It’s a bit mannered, but high production values and a realistic mix of behavioral ups and downs keep it from turning twee or...

A DARK AND DISMAL FLOWER

In this pretty if occasionally precious app, a mercurial child’s moods and whims find allegorical counterparts in the flower garden she plants.

Being initially dismissive of the 16 seeds she is given, her first careless toss grows up Spoiled (Primula putris) with a “ring of slimy petals / that smelled of black bananas.” Soon, though, a lighter mood sows Cheerfulness (Helianthus hilaris), followed by positives from Hope (Asclepias spes) to Diligence (Viticula industria). Her progress is not without incidents of backsliding, like Tattle Tale (Proditio pusilla), with its “smell of rats,” and Fibs (Mendacium delicatum). Ultimately she plants Gratitude (Iris memoris), then gathers up all the seeds from “the cottage gardens of our hearts” to pass on to others. Herz and Scott’s measured free verse is cast into italics with decorated initials, and Stokes’ illustrations, which appear opposite, begin, mostly, with delicate seeds placed on elegantly plain backdrops. Tapping an icon under each page of narrative causes the seeds to open, grow twining stems and burst into recognizable but fancifully altered flowers as bees, butterflies and the tiny girl look on or drift playfully past. There is no audio track. The final lush garden scene, accessible from any screen, functions as an interactive index and also features instructions for sharing sample illustrations via email.

It’s a bit mannered, but high production values and a realistic mix of behavioral ups and downs keep it from turning twee or labored. (Requires iOS 6 and above.) (iPad poetry app. 6-10)

Pub Date: Feb. 4, 2014

ISBN: N/A

Page Count: -

Publisher: Coliloquy, LLC

Review Posted Online: Sept. 14, 2014

Kirkus Reviews Issue: Oct. 1, 2014

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LIBRARY LION

Knudsen and Hawkes pick a perfect setting to express the idea that breaking rules can sometimes be a good thing. When a lion wanders into a small town public library the Head Librarian, Miss Merriweather, brushes off the protestations of her realistically officious colleague Mr. McBee and allows it to stay—so long as it keeps quiet, doesn’t run and makes itself useful cleaning books and licking envelopes while waiting for storytime to begin. Anxious-looking patrons of all ages quickly become accepting ones in Hawkes’s soft toned watercolors, and if Miss Merriweather’s hair and dress seem a bit stereotypical, occasional CRT monitors balance glimpses of rubber date stamps and a card catalog in his gracious, old style interiors. When Miss Merriweather takes a fall, the lion roars to attract help, then slinks out in shame—but McBee redeems himself by bustling out into the rain to inform the offender that Exceptions to the Rules are sometimes allowed. Consider this a less prescriptive alternative to Eric A. Kimmel’s I Took My Frog to the Library (1990), illustrated by Blanche Sims—and it doesn’t hurt that the maned visitor is as huge and friendly looking as the one in James Daugherty’s classic Andy and the Lion. (Picture book. 6-8)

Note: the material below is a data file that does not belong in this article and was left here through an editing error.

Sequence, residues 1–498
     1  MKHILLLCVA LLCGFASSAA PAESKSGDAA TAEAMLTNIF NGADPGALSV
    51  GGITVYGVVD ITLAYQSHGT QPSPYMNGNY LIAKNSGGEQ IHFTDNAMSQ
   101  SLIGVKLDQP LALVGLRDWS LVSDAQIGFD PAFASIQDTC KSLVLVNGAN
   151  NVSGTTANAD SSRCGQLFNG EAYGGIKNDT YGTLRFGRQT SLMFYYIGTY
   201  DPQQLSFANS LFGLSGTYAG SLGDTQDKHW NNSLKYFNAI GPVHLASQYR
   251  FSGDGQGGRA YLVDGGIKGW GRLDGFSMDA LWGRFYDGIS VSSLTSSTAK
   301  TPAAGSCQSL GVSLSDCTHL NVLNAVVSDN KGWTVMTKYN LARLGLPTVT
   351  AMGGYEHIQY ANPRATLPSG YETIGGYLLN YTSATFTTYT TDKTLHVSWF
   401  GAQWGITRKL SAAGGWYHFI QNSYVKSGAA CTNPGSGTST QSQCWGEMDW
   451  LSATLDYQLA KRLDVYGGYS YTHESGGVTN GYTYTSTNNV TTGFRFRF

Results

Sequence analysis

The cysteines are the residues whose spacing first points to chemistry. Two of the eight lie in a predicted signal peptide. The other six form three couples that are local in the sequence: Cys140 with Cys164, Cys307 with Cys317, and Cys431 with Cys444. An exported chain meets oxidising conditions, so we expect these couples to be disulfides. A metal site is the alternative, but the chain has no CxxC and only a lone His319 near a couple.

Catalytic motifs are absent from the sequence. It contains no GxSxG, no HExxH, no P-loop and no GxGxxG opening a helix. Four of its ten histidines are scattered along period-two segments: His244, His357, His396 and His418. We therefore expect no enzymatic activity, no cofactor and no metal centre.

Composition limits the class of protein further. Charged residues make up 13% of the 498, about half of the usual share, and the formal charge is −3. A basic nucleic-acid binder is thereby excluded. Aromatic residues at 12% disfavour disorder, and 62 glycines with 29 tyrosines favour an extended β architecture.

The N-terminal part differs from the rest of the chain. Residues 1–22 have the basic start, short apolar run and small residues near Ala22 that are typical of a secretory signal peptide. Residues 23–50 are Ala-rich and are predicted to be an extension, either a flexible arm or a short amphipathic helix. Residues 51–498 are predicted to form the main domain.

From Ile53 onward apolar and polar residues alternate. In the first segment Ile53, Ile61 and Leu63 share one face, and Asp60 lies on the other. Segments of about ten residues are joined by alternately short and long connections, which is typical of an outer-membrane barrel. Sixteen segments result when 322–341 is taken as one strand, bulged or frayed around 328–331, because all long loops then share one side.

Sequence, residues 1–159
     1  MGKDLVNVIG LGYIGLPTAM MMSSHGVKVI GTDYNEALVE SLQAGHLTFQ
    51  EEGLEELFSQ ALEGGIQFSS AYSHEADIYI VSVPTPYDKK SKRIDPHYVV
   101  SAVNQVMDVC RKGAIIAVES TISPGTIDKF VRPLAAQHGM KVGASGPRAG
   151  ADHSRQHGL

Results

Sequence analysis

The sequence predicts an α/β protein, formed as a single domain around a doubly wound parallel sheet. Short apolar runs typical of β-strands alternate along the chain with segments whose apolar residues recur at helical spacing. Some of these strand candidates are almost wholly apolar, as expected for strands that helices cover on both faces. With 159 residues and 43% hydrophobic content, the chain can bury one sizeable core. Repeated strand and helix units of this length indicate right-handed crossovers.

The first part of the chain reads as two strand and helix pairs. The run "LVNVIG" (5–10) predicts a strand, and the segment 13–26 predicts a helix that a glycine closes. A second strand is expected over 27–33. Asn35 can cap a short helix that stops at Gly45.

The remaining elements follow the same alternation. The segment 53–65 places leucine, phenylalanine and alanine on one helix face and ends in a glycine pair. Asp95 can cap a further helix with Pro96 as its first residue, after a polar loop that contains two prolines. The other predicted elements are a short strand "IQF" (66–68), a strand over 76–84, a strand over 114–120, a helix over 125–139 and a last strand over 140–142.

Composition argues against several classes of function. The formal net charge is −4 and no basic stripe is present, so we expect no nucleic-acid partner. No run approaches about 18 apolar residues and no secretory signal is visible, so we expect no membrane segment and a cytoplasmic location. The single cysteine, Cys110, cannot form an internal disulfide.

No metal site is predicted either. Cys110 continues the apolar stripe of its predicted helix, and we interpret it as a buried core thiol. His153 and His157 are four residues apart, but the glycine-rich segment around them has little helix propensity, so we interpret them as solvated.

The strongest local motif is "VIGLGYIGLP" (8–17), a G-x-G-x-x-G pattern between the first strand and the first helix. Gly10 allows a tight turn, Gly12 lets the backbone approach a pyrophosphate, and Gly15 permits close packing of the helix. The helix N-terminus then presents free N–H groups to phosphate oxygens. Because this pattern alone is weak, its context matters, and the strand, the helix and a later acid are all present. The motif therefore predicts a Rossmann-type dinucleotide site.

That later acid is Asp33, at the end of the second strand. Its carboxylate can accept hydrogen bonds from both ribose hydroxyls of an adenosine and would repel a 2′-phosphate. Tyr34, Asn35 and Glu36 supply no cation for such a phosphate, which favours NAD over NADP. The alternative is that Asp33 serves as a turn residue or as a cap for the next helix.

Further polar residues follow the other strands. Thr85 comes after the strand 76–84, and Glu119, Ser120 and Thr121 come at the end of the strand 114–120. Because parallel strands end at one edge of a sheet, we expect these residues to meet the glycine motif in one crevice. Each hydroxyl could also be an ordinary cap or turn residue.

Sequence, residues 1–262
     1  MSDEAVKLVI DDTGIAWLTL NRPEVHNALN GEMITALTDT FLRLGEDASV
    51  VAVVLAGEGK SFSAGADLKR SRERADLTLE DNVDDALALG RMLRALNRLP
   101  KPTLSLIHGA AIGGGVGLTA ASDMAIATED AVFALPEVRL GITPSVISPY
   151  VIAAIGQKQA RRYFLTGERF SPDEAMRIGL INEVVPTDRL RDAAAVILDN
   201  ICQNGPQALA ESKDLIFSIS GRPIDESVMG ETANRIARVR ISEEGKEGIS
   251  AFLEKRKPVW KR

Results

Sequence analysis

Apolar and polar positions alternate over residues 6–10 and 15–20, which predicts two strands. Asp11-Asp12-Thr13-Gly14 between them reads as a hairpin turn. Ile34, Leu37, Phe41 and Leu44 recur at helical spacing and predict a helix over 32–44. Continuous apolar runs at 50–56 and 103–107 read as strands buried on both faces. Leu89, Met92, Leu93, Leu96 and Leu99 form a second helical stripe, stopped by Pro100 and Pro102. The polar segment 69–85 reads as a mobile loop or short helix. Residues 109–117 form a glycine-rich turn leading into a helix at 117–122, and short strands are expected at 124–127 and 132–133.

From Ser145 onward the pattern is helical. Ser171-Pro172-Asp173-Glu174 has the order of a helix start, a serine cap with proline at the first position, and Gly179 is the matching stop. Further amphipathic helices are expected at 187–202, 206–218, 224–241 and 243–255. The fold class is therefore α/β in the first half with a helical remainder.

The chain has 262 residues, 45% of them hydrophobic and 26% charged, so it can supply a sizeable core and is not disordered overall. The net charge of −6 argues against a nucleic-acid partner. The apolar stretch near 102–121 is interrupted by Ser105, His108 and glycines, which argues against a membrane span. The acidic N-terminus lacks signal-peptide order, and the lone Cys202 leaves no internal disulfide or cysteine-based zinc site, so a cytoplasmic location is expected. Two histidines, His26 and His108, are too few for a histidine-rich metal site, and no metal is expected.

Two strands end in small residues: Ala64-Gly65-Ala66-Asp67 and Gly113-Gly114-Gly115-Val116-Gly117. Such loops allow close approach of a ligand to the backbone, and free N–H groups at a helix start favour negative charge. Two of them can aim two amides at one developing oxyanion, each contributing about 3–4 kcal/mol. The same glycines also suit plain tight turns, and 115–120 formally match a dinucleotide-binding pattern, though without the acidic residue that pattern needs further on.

Pub Date: Sept. 1, 2006

ISBN: 0-7636-2262-1

Page Count: 48

Publisher: Candlewick

Review Posted Online: May 20, 2010

Kirkus Reviews Issue: Aug. 1, 2006

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More trampling in the vineyards of the Literary Classics section, with results that will tickle fancies high and low.

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DOG MAN AND CAT KID

From the Dog Man series , Vol. 4

Recasting Dog Man and his feline ward, Li’l Petey, as costumed superheroes, Pilkey looks East of Eden in this follow-up to Tale of Two Kitties (2017).

The Steinbeck novel’s Cain/Abel motif gets some play here, as Petey, “world’s evilest cat” and cloned Li’l Petey’s original, tries assiduously to tempt his angelic counterpart over to the dark side only to be met, ultimately at least, by Li’l Petey’s “Thou mayest.” (There are also occasional direct quotes from the novel.) But inner struggles between good and evil assume distinctly subordinate roles to riotous outer ones, as Petey repurposes robots built for a movie about the exploits of Dog Man—“the thinking man’s Rin Tin Tin”—while leading a general rush to the studio’s costume department for appropriate good guy/bad guy outfits in preparation for the climactic battle. During said battle and along the way Pilkey tucks in multiple Flip-O-Rama inserts as well as general gags. He lists no fewer than nine ways to ask “who cut the cheese?” and includes both punny chapter titles (“The Bark Knight Rises”) and nods to Hamiltonand Mary Poppins. The cartoon art, neatly and brightly colored by Garibaldi, is both as easy to read as the snappy dialogue and properly endowed with outsized sound effects, figures displaying a range of skin colors, and glimpses of underwear (even on robots).

More trampling in the vineyards of the Literary Classics section, with results that will tickle fancies high and low. (drawing instructions) (Graphic fantasy. 7-10)

Pub Date: Dec. 26, 2017

ISBN: 978-0-545-93518-0

Page Count: 256

Publisher: Graphix/Scholastic

Review Posted Online: May 14, 2018

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